Let's say I told you we can get the results below with just one HTML element and five CSS properties for each. No SVG, no images (save for the
The team at Kapwing has collected a lot of images from the Internet Archive’s Wayback Machine and presented a history of how the homepage of popular websites like Google and the New York Times have changed over time. It’s super interesting.
I particularly love how Amazon has evolved from a super high information dense webpage that sort of looks like a blog to basically a giant carousel that takes over the whole screen.
Huge thanks to BigCommerce for sponsoring CSS-Tricks this week!
Here's the basics: BigCommerce is a hosted eCommerce platform. In just a few minutes, anybody can build their own online store. From a personal perspective, I'd suggest to any of my friends and family to go this route. CMS-powered websites are complicated enough, let alone feature-packed eCommerce websites. Please go with a solution that does it all for you so your site will look and work great and you can focus on your actual business.
There is no shortage of videos out there where you can watch people code with an educational vibe. A golden age, one might say. Here are a few that I've watched and really enjoyed lately:
- @keyframers - "An animated, collaborative coding live stream by @davidkpiano & @shshaw." They've got 2 epsidoes out now, each of which they start with an animated interface GIF and then collaboratively re-build it.
- The Coding Train - Daniel Shiffman's show is a force of nature on it's own, featuring challenges, introductions, and guest tutorials. Speaking of guest tutorials, CodePen recently sponsored an episode featuring Catt Small and game development with Phaser.js.
- Creative Coding with CSS. You have to sign up for Skillshare to watch it, but Jake Albaugh loves getting crazy with CSS and it's fun to watch.
We just hit you with a slab of observations about CSS Grid in a new post by Manuel Matuzović. Grid has been blowing our minds since it was formally introduced and Jen Simmons is connecting it (among other new features) to what she sees as a larger phenomenon in the evolution of layouts in web design.
This may be the sixth such point in the history of the web. One of those points where everything changes and we swap out our techniques ... let’s talk about layout. What’s next? Intrinsic Web Design.
Why a new name? Why bother? Well, it was helpful to debate fluid vs. fixed, or table-based layouts: having words really helps. Over the past few years, Jen has needed a term for “responsive web design +”.
Last year, I assembled A Collection of Interesting Facts about CSS Grid Layout after giving a workshop. This year, I worked on another workshop and I've learned some more exciting facts about the layout spec we all so love.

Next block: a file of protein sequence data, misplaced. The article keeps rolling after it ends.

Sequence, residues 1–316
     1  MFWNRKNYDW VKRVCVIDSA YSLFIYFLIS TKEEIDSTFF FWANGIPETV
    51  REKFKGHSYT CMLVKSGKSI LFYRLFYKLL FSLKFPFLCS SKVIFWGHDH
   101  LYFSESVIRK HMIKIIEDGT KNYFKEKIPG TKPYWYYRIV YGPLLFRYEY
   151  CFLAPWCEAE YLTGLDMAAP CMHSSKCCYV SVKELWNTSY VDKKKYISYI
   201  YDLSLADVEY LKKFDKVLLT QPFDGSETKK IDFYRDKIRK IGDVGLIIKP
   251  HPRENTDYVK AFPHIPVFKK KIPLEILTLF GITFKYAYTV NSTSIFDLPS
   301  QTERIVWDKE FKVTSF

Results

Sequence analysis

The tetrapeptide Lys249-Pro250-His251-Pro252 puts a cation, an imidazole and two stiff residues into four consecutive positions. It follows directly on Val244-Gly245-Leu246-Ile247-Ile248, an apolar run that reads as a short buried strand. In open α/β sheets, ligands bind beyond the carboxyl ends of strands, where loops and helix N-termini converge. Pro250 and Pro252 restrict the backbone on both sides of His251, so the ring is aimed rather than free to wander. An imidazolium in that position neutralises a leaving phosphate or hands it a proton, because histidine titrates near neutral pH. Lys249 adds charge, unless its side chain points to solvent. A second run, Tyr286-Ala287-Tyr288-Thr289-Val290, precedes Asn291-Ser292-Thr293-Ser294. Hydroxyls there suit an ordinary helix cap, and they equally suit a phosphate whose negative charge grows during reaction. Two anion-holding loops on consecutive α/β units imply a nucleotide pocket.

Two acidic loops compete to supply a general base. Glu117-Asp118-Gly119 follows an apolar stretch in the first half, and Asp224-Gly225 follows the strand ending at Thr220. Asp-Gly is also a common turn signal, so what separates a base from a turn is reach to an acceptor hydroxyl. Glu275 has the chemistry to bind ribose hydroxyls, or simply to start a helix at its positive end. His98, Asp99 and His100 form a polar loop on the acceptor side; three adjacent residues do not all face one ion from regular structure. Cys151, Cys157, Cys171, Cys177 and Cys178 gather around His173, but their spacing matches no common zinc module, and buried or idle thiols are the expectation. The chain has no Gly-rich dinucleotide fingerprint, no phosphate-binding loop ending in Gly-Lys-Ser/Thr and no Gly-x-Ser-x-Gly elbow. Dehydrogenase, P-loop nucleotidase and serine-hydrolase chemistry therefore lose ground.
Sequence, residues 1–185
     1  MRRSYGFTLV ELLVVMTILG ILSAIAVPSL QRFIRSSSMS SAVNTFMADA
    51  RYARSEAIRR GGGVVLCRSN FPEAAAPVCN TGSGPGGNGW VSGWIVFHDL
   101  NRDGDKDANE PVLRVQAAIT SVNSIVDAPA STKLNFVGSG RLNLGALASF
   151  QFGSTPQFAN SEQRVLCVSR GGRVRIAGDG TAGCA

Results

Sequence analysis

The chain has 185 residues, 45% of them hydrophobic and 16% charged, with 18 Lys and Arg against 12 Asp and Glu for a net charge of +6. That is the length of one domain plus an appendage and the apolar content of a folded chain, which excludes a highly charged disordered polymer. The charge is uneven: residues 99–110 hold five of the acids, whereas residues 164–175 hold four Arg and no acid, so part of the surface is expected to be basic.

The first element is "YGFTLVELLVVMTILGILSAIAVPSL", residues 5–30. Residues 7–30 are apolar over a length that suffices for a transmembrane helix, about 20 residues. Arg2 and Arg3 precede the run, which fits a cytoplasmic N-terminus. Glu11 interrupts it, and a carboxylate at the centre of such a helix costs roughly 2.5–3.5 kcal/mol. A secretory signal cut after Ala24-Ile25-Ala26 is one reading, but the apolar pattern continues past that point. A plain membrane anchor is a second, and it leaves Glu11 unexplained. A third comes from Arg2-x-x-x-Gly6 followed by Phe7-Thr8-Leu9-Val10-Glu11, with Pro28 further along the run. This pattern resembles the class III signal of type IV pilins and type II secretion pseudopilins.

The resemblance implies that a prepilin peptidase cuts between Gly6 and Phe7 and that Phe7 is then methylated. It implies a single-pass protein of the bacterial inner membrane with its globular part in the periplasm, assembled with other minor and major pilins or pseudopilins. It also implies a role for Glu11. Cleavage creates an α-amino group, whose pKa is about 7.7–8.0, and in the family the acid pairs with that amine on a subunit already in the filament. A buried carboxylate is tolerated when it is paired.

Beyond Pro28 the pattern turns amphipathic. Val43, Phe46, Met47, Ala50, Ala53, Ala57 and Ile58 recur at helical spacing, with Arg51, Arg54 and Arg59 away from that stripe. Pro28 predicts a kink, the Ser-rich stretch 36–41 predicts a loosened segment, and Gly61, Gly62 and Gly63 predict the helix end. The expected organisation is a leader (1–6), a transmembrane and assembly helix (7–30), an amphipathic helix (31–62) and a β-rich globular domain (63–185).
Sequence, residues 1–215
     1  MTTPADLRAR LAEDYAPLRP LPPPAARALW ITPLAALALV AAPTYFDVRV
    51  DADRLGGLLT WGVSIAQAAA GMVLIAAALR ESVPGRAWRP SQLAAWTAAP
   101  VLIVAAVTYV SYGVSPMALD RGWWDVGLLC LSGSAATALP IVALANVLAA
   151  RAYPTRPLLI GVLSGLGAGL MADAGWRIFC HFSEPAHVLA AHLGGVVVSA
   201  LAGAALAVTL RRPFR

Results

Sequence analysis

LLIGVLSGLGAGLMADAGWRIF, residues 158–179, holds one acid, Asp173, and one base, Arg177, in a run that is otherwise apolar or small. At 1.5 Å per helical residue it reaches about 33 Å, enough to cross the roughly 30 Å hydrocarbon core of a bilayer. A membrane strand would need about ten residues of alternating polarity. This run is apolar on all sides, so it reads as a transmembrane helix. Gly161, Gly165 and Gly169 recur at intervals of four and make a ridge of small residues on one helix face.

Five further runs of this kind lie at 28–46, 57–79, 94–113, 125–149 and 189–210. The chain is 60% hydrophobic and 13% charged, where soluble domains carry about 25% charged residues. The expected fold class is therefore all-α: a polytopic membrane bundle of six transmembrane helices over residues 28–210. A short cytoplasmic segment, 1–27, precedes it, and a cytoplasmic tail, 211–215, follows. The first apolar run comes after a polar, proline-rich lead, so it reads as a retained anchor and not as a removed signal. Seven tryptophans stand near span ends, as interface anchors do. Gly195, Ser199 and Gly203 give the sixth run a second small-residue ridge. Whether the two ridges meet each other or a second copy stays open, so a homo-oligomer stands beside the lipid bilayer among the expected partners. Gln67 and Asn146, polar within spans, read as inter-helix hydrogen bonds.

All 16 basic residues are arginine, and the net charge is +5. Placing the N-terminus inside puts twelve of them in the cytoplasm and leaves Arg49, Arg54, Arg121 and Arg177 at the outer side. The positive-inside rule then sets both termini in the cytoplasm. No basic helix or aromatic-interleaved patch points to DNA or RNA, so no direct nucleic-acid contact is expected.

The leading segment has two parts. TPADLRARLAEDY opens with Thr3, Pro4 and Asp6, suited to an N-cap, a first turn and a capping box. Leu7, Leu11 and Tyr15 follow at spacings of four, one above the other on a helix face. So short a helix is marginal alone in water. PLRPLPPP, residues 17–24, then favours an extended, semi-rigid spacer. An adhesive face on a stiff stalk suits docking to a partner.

Of course, I'm not going to keep my knowledge to myself. I'm happy to share my findings once again with you, the CSS-Tricks community.
Tired of Twitter? Facebook fatigued? It's time to head back to RSS.
I'm an RSS reader lover, so I hate to admit it, but RSS ain't going mainstream. It was too nerdy 20 years ago and it's too nerdy now. RSS is still incredibly useful technology, but I can't see it taking off alone.
For RSS to take off, it needs some kind of abstraction. Like Flipboard, where you can get started reading stuff right away and feeding it RSS isn't something you need to handle manually. Apple News is kinda like that. I'm a little love/hate with Apple News though. I like reading stuff in it, but I've stopped publishing in it because it became too much work to get right and have it look good. It's like managing a second site, unlike RSS which just brainlessly works when your CMS supports it. A little-known feature of Apple News was that it used to be able to function as an RSS reader, but they removed that a couple of years ago. Boooooo.
Huge thanks to Wufoo for sponsoring CSS-Tricks this week! Like it says in the sidebar on this very site, we’ve been using Wufoo for literally over a decade. It’s the easiest and most powerful way to build web forms on the web.
Here’s something brand new from the Wufoo team: now in addition to payment providers like PayPal and Stripe, you can choose Worldpay.
Like if we wanted to know the padding of an element, classically we'd do:
var el = document.querySelector("#thing"); var style = window.getComputedStyle(el); console.log(style.padding);
And we'd get "20px" as a string or whatever it is.
One of these new API's lets us pull it off like this:
console.log( el.computedStyleMap().get('padding').value, el.computedStyleMap().get('padding').unit );
And we get
20 as a real number and "px" as a string.
There is also
attributeStyleMap with getters and setters, as well as functions for each of the values (e.g.
Eric counts the benefits:
- Few bugs.
- Arithmetic operations & unit conversion.
- Value clamping & rounding.
- Better performance.
- Error handling.
- Naming matches CSS exactly.